|Nutrition Facts (per serving)|
|Amount per serving|
|% Daily Value*|
|Total Fat 0g||0%|
|Saturated Fat 0g||0%|
|Total Carbohydrate 8g||3%|
|Dietary Fiber 0g||0%|
|Total Sugars 6g|
|Vitamin C 10mg||51%|
|*The % Daily Value (DV) tells you how much a nutrient in a food serving contributes to a daily diet. 2,000 calories a day is used for general nutrition advice.|
The Park Avenue cocktail puts a pineapple spin on the gin martini. It's a classic recipe which, according to Ted Haigh's book "Vintage Spirits and Forgotten Cocktails," dates to around the 1940s.
This drink pairs gin and sweet vermouth with pineapple juice, then adds a little curaçao for a citrus kiss. It's an excellent drink to shake up a martini routine and is especially nice on hot summer days or as a refreshing aperitif. Also, if you don't particularly care for the dryness of the classic martini but are looking for something very similar, it's an excellent choice.
2 ounces gin
3/4 ounce sweet vermouth
2 teaspoons orange curaçao liqueur
3/4 ounce pineapple juice
Gather the ingredients.
In a cocktail shaker, pour the gin, vermouth, orange curaçao, and pineapple juice. Fill with ice.
Serve and enjoy.
- Dry gin is often poured for the Park Avenue, just make sure it's top-shelf and worthy of a martini. You can also try it with other styles of gin, including an old-school version like Old Tom or a modern take such as Hendrick's.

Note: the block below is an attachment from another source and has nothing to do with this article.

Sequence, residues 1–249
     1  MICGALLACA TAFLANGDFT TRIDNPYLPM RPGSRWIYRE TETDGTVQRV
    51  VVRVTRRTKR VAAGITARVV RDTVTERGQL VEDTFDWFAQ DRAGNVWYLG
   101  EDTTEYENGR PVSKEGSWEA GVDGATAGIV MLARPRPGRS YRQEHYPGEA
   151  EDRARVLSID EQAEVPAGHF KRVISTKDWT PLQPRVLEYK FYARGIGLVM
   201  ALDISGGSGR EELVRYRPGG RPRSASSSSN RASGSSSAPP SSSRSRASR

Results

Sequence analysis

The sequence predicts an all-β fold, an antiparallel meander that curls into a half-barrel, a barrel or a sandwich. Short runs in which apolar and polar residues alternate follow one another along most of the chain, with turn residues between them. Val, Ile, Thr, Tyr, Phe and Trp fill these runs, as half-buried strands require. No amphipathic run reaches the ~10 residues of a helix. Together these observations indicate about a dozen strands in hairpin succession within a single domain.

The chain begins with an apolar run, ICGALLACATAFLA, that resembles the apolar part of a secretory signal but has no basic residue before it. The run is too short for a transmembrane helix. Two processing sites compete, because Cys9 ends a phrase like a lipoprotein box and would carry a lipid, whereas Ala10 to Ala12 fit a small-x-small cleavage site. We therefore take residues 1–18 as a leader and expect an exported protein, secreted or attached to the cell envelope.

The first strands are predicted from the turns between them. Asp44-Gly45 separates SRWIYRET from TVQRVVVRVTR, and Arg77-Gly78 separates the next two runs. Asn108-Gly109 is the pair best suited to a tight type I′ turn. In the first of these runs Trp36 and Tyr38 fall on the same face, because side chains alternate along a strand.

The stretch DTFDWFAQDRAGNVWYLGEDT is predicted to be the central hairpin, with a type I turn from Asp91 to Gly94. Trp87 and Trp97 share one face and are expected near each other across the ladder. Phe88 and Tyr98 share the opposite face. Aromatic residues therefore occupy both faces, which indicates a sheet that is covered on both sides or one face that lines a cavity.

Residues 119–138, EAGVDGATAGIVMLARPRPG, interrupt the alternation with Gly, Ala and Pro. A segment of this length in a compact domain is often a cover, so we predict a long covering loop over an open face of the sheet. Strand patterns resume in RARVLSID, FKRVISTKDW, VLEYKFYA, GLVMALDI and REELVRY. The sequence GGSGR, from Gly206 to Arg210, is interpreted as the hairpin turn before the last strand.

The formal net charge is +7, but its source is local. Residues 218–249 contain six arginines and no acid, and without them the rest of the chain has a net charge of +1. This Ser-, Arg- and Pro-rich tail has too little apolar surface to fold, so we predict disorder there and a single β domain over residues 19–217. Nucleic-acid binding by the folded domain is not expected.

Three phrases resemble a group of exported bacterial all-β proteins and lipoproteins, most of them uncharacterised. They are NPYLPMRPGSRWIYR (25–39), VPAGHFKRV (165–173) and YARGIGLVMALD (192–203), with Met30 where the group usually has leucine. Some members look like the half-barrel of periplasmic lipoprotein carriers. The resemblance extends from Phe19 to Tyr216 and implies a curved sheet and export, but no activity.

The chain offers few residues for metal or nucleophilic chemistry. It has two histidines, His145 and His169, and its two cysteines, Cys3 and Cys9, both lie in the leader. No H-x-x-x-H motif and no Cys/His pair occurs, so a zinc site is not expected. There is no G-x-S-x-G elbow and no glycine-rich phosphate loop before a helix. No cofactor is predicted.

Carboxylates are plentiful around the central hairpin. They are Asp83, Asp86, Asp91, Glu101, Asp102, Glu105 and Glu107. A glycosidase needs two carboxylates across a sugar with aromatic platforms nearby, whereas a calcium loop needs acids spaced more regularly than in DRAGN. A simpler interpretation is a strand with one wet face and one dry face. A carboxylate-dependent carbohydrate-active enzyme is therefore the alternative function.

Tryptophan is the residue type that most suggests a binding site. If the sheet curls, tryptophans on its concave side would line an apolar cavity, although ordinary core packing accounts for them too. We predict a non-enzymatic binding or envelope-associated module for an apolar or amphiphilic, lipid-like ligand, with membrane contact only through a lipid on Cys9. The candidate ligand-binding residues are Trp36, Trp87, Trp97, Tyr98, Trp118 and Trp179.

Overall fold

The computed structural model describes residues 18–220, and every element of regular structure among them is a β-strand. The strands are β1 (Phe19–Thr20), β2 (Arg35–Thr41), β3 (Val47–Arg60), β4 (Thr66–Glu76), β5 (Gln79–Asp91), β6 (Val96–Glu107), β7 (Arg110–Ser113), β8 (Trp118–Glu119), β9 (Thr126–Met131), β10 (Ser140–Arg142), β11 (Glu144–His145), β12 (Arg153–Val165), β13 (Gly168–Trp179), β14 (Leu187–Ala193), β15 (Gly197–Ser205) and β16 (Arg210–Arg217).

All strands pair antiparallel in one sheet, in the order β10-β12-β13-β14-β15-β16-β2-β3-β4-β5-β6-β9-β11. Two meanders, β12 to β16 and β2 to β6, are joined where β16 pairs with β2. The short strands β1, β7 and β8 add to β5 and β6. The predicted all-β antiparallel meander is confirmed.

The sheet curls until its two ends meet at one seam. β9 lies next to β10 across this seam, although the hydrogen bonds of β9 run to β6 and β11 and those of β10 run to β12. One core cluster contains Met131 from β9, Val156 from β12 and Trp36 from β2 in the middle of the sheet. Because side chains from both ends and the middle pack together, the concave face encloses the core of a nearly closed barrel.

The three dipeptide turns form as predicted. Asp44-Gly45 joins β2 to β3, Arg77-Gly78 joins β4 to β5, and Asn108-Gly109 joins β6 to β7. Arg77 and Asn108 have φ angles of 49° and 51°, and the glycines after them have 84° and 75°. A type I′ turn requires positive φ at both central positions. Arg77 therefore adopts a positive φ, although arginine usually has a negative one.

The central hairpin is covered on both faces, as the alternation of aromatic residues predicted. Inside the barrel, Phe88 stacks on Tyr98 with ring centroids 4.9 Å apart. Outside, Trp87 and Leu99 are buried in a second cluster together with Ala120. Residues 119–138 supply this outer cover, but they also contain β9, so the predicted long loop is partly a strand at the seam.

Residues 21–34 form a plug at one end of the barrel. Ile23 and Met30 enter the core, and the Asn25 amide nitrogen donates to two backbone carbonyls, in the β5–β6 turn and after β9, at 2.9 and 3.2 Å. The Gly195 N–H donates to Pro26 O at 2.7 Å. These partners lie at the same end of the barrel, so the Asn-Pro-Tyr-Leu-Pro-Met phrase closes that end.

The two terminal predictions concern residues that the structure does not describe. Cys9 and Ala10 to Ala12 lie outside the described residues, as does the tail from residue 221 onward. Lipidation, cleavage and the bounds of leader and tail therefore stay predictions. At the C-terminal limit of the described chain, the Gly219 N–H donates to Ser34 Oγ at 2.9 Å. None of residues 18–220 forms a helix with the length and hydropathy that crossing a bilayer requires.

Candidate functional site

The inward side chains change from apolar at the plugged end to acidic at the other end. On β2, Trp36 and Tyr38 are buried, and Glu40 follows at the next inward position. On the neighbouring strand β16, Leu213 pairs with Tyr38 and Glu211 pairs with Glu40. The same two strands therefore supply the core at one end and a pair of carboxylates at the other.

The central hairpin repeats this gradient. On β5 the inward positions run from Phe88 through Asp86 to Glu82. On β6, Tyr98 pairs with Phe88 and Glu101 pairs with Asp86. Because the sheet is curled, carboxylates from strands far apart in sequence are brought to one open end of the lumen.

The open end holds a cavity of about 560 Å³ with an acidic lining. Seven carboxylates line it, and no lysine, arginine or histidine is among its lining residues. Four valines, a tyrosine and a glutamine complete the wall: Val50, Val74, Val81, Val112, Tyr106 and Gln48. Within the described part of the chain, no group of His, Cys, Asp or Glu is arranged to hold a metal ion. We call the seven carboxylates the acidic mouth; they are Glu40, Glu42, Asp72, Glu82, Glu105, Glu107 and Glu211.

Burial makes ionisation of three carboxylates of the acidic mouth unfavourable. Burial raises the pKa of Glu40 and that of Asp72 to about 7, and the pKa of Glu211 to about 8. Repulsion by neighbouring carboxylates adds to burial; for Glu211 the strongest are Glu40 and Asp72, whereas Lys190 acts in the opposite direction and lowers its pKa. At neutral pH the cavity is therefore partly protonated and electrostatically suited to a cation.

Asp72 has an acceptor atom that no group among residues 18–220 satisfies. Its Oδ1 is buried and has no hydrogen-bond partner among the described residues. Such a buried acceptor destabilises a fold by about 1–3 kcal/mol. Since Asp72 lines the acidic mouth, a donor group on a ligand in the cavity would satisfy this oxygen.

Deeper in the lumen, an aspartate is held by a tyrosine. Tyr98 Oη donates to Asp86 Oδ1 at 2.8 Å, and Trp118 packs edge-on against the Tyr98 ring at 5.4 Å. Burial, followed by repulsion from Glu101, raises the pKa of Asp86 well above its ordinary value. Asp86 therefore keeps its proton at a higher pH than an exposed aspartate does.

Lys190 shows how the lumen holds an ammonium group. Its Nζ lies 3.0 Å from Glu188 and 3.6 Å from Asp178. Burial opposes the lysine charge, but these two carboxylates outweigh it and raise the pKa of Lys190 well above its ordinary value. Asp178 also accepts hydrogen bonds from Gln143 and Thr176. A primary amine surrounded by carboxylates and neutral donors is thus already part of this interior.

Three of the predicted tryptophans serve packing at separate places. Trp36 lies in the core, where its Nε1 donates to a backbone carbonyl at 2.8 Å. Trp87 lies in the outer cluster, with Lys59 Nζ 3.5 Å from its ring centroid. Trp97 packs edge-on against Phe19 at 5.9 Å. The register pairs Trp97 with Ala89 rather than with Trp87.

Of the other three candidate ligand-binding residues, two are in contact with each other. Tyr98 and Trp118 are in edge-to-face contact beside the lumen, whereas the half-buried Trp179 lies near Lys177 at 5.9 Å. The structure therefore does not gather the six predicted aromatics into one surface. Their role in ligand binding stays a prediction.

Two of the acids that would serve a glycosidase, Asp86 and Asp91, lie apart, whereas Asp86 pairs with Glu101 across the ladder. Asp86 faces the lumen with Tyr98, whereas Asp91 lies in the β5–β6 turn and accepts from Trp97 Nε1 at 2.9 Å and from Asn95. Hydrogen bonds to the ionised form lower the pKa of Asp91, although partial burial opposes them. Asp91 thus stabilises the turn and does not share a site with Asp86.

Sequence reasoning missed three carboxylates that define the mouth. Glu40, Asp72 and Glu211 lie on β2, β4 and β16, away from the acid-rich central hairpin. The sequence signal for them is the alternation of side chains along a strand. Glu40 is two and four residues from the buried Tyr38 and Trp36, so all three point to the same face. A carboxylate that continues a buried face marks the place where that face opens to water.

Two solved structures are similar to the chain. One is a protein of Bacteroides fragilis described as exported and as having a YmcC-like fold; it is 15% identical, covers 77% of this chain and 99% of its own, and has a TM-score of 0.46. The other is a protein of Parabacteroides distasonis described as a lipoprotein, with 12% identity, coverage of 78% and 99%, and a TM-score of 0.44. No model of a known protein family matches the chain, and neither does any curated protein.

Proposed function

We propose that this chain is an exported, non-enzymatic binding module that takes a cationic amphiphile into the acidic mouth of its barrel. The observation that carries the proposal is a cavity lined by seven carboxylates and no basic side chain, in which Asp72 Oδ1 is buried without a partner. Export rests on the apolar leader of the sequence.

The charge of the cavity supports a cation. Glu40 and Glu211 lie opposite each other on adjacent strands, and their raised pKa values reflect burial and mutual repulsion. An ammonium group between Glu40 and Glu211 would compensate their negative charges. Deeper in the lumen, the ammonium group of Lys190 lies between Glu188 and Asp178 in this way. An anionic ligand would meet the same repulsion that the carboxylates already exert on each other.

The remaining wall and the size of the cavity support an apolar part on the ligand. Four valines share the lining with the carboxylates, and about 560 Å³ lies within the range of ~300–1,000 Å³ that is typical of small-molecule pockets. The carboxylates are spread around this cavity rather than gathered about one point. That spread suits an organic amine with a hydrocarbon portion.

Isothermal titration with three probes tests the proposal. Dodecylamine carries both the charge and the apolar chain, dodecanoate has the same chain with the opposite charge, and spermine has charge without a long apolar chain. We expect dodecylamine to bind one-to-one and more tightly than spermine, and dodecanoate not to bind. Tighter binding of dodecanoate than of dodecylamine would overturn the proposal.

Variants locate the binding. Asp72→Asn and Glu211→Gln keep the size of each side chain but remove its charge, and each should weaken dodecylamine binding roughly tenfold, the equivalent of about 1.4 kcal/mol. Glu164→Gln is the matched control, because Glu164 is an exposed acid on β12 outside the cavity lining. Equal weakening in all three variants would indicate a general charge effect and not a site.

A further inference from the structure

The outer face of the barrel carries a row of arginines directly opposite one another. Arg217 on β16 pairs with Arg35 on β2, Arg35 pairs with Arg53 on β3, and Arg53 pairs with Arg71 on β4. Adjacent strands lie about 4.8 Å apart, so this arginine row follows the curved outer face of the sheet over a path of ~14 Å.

- To make this drink with fresh pineapple instead of juice, place about 3/4 cup of pineapple chunks in the shaker. Muddle the fruit really well to release as much juice as possible. Then add the other ingredients and ice, shake, and strain.
- The choice of orange curaçao is important even though it's a very short pour. Premium options like Gabriel Boudier and Senior Curaçao are excellent choices, though some people enjoy Grand Marnier instead.
- Make sure your sweet vermouth is fresh. Once open, the fortified wine's shelf life is just three months, after which it will go stale. When in doubt, pick up a new bottle.
- The ingredients in this recipe can be adjusted to suit your taste. One common recipe, for instance, includes up to 1 ounce of pineapple juice with 1/2 ounce each of the curaçao and vermouth.
- Another pours equal amounts of the three accent ingredients, cutting them back to as little as 1/3 ounce.
- Some recipes also skip the curaçao completely.
- At least one semi-classic variation on the Park Avenue is a perfect martini with a little pineapple juice. To make it, shake 1 1/2 ounces of gin with 1/4 ounce each of sweet and dry vermouths and pineapple juice.